Documentation as Code

Tom Johnson has written two interesting posts on his blog on the “Documentation as Code” concept:

Documentation as Code can be interpreted in a few ways. Tom describes it as being able to store the documentation with the code:

From a technical angle, Etter argues that one should embrace lightweight markup languages, use static site generators, and store content in version control repositories with engineering code.

An other interpretation associated with this is that documentation should be seen as a design problem; it should be seen as part of the product (and seen in a similar way to the software code), rather than an add-on. If the documentation is stored with the code, it can mean that the requirements for documentation can be more closely linked to the code. When a requirement for a new feature is raised, so can a requirement for the related documentation. It can also mean that content that’s embedded in the UI, presented as on-boarding screens or presented as online Help, can be considered as different potential solutions to each user need.

Documentation as Code is a topic we touch on in our advanced technical writing training course. It’s an approach that we may see growing in popularity.

3 Comments

Ruth

I don’t see how the storage location of documentation has any bearing on whether its considered part of the product.

“….documentation should be seen as a design problem; it should be seen as part of the product (and seen in a similar way to the software code), rather than an add-on” – I totally agree with this but it is perfectly achievable irrespective of where any source is stored.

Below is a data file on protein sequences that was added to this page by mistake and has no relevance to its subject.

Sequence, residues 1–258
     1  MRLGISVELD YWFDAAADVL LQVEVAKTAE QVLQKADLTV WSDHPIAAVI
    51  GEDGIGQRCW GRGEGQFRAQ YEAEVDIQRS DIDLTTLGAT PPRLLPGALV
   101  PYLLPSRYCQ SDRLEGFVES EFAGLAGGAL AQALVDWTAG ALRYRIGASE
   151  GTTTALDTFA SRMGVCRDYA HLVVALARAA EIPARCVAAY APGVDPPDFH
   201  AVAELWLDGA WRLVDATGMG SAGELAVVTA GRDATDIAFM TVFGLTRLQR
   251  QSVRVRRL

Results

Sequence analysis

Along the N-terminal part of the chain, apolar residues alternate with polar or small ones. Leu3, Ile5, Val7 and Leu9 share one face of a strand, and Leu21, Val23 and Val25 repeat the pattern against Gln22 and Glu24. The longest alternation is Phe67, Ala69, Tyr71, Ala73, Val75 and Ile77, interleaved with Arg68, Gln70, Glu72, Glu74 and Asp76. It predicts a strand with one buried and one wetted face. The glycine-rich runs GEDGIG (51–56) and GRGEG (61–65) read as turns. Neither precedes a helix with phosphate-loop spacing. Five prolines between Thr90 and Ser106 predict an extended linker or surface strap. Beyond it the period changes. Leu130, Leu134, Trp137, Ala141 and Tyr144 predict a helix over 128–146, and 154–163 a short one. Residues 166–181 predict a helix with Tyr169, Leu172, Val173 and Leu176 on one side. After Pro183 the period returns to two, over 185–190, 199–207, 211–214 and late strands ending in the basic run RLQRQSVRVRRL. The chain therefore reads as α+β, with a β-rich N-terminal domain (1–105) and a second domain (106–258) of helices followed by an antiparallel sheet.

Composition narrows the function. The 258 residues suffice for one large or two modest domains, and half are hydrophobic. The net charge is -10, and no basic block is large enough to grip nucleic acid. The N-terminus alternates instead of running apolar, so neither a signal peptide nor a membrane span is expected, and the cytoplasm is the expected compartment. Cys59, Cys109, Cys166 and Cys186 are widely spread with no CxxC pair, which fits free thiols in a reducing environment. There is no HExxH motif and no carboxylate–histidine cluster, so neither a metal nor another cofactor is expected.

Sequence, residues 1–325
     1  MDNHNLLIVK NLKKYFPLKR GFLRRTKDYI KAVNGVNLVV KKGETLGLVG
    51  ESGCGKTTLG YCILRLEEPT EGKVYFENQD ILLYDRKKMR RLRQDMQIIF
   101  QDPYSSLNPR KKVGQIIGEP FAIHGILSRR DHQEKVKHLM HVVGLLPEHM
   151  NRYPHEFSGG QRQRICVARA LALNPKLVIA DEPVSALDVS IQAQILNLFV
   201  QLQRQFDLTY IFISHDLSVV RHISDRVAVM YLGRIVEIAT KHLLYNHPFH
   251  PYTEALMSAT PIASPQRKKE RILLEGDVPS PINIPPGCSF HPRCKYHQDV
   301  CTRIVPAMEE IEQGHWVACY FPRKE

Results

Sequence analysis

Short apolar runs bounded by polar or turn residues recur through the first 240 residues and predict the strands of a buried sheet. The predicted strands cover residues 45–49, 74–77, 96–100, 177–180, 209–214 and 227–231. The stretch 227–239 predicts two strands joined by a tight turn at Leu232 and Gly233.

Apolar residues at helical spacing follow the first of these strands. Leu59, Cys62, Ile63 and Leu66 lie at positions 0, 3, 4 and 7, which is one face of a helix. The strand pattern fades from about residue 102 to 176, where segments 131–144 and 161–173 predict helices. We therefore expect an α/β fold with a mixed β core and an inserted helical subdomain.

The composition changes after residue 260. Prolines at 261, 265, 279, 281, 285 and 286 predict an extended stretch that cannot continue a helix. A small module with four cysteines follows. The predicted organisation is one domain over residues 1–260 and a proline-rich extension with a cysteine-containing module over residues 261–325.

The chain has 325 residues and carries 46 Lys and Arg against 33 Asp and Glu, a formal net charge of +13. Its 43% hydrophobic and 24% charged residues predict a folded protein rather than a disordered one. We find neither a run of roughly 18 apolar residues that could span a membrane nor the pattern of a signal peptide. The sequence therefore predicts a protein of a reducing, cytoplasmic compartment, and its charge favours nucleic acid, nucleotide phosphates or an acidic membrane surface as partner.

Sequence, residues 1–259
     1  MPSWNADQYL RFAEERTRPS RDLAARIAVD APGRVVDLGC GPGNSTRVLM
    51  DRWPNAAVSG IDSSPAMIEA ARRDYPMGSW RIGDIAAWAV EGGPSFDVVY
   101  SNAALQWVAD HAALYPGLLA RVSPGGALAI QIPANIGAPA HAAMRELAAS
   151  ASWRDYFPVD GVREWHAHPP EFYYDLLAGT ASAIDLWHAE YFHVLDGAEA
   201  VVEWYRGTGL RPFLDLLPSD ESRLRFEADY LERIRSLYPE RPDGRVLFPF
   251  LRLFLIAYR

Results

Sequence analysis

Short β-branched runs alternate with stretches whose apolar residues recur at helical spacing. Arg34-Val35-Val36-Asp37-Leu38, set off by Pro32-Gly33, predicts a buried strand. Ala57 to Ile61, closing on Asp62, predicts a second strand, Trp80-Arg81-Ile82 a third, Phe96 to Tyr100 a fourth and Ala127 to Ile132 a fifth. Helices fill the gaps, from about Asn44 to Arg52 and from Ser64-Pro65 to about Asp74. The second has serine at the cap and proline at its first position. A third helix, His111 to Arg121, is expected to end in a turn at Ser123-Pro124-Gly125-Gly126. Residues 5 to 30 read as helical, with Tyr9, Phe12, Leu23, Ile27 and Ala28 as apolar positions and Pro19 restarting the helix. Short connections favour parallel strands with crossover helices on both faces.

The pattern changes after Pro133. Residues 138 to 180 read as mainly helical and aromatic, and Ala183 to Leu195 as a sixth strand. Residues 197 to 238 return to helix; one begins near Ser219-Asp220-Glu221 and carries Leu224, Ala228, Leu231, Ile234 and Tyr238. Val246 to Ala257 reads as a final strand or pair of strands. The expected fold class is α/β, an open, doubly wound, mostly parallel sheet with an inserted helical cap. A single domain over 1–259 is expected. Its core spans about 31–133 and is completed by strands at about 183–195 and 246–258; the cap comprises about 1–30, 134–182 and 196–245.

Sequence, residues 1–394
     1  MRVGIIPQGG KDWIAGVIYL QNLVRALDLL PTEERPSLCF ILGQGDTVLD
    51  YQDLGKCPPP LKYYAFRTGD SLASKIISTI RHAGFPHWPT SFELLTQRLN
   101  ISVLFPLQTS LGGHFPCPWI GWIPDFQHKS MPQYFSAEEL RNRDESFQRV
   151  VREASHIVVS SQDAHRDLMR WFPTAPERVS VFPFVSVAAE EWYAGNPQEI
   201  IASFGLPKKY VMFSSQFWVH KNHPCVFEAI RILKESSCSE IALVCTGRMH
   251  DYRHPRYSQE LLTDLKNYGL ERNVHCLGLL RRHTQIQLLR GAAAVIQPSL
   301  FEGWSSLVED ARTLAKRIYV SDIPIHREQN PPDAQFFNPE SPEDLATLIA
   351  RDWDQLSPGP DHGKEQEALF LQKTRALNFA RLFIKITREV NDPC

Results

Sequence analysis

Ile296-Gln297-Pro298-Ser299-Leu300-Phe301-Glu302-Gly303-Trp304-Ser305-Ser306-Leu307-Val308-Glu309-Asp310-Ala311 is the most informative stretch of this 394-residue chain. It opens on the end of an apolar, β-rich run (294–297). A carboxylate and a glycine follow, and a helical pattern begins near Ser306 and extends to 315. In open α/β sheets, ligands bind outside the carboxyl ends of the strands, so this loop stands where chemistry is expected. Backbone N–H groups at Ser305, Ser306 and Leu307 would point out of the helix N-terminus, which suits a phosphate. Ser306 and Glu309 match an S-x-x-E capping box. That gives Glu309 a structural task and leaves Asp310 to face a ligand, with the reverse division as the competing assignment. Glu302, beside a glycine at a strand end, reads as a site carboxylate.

“When a requirement for a new feature is raised, so can a requirement for the related documentation” – yup, you can do that too no matter where documentation is stored.

Or am I being too literal and the meaning is that documentation should be installed with the product rather than sourced with the code source?

Where I work we store doc and code source separately (and most people are happy with that) but we run our task lists as complete teams and every feature is required to have documentation tasks (and code review tasks and QA tasks etc). I absolutely consider my documentation source as code – its HTML and XML and JS – and my teams consider it as an integral part of the product. Of course embedded content such as GUI guidance and tooltips inevitably lives with the source code but its content is reviewed by documentation team members.

Documentation as Code – RHD Blog

[…] almost 14K useless results. You will find that there is not even an entry in the Wikipedia. The Cherryleaf.com blog includes a couple of interesting links and describes it as being able to store the […]

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